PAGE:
Jared,givemeagooddisplaynamenow,wolschlager said...

I know I was just to lazy to explain. It is due to the fact that the first people to settle england, and speak olde english were from germany and had adopted it from their barbaric motherland, something like 1000 people popularized the country speaking this language, and thus even though little the language does not resemble german very much it is still considered thusly.

Vvyynn said...

Wow! Lazy is a verb now? INCREDIBLE! Just for conversation, I'm going to diagree with myself. The Evolution of language is a natural thing. If 1337 takes over, then who are we to say it's wrong? Who are we to say that this will bring about the "death" of language? Just because we're used to speaking in our current vernacular? If Shakespeare heard us speak today, he'd/she'd/it'd/they'd be disgusted. We're speaking like a bunch of lower-class yokels. No, the English language is not dying only changing. Discuss.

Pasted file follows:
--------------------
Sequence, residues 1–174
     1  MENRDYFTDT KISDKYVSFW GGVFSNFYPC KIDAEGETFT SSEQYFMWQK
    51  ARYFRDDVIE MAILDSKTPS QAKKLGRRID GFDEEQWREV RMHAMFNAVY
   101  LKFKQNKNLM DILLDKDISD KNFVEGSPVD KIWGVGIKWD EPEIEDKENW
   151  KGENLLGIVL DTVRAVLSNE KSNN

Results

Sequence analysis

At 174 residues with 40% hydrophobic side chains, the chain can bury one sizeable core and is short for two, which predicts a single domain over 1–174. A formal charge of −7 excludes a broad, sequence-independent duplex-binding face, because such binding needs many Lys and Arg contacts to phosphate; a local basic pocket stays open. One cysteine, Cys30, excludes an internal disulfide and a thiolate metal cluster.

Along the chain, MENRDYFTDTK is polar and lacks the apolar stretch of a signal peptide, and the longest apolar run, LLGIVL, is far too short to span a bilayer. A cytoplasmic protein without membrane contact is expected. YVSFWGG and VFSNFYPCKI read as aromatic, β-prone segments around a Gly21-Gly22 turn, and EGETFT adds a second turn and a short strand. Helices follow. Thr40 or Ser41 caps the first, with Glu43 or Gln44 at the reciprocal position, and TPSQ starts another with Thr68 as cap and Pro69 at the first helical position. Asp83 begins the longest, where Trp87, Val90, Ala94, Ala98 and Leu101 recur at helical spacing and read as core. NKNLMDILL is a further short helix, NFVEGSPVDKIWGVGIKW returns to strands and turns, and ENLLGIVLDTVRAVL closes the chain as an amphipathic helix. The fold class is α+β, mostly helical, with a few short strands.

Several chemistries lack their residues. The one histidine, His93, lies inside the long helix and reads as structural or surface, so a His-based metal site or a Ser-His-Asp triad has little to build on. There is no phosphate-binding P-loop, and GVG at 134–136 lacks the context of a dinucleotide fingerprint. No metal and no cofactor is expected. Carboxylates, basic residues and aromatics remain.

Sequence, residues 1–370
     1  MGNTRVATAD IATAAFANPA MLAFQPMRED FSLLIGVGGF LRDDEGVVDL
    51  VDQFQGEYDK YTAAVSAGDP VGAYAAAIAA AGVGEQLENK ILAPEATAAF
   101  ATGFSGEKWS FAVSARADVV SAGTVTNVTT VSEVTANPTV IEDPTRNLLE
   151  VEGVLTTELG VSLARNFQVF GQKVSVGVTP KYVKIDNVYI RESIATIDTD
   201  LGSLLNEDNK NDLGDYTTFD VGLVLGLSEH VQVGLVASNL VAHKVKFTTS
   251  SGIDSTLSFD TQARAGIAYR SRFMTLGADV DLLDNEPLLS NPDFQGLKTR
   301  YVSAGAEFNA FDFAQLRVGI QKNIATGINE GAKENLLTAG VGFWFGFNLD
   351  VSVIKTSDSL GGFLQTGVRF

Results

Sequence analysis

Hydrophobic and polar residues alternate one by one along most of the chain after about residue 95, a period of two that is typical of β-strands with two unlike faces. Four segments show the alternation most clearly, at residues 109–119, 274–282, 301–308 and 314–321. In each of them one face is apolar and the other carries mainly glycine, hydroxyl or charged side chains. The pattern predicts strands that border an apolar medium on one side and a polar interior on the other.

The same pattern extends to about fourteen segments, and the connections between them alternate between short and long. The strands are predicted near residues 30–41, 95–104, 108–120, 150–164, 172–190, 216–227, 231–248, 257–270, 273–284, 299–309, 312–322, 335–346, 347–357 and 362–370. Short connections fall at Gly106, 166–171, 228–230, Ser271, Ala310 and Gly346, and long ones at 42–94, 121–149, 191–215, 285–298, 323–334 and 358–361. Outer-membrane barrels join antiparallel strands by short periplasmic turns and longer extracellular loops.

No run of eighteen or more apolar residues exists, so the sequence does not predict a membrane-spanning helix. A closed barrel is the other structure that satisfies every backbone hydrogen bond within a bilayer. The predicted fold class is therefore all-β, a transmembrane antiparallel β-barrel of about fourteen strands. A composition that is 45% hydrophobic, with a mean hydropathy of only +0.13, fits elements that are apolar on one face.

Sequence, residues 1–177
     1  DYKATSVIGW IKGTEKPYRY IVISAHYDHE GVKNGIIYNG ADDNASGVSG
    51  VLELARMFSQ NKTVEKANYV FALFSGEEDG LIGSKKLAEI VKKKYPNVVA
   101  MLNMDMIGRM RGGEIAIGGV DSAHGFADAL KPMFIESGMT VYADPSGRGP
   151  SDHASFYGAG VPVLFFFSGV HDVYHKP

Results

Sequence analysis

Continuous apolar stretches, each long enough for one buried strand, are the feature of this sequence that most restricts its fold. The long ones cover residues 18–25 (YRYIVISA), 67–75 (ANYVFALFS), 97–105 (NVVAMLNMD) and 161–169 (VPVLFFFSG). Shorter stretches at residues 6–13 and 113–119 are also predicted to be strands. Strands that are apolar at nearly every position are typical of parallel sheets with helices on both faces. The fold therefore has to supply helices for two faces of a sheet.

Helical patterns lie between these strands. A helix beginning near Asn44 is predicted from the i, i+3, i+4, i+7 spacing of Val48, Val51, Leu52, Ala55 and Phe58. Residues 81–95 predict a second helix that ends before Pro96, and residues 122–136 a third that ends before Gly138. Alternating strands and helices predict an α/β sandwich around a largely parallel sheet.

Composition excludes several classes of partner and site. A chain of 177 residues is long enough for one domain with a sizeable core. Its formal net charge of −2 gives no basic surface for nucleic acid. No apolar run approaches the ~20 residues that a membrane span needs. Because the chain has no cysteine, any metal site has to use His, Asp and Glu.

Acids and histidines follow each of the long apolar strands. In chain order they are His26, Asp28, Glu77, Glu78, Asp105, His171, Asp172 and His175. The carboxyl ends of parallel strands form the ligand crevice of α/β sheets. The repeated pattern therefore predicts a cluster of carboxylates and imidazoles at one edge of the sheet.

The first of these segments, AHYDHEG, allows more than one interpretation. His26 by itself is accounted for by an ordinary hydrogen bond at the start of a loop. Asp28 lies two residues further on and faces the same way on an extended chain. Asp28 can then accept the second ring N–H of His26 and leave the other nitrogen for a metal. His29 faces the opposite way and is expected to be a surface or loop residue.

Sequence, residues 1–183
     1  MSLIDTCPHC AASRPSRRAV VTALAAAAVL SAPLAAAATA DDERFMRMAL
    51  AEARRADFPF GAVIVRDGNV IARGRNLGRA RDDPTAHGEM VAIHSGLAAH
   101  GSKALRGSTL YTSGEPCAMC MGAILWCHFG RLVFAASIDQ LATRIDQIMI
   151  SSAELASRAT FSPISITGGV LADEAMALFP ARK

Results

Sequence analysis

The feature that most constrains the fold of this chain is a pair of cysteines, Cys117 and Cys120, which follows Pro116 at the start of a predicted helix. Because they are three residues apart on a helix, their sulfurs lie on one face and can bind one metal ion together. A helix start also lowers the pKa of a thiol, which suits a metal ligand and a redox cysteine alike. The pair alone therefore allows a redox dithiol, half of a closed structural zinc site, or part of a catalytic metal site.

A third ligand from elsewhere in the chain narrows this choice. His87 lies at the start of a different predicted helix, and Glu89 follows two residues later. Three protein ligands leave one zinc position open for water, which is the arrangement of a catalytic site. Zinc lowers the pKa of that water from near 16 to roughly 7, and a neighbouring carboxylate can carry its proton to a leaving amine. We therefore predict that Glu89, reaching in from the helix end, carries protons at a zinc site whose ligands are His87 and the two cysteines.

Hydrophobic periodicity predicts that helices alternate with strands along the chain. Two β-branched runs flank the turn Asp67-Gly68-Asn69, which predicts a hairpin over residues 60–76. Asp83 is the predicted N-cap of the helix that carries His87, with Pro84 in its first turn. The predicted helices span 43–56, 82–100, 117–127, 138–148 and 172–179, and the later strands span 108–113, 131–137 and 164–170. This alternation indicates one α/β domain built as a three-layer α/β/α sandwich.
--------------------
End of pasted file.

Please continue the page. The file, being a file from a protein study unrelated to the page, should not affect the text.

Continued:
Vvyynn said...

Another words:

W! Liavn? I!Jfc, Igtdwm. Teoliant. I 1337 to, twawtsiw? Wawtsttwbat"d"ol? jbwutsiocv? IShust,h's'i't bd. Wslabol-cy. N, tElindoc. D.

Big E said...

Ahhhh! Linguistics!
Well, lets start from the beginning here.